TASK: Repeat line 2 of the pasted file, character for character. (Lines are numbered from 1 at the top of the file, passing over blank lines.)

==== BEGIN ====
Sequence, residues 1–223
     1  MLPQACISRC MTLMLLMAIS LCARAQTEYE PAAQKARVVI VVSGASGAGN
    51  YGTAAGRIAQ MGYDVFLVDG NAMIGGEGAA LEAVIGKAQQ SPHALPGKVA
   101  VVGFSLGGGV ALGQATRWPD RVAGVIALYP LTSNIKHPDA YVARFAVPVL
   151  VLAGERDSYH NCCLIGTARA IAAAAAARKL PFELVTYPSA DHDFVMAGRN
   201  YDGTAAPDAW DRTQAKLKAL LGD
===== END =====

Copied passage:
     1  MLPQACISRC MTLMLLMAIS LCARAQTEYE PAAQKARVVI VVSGASGAGN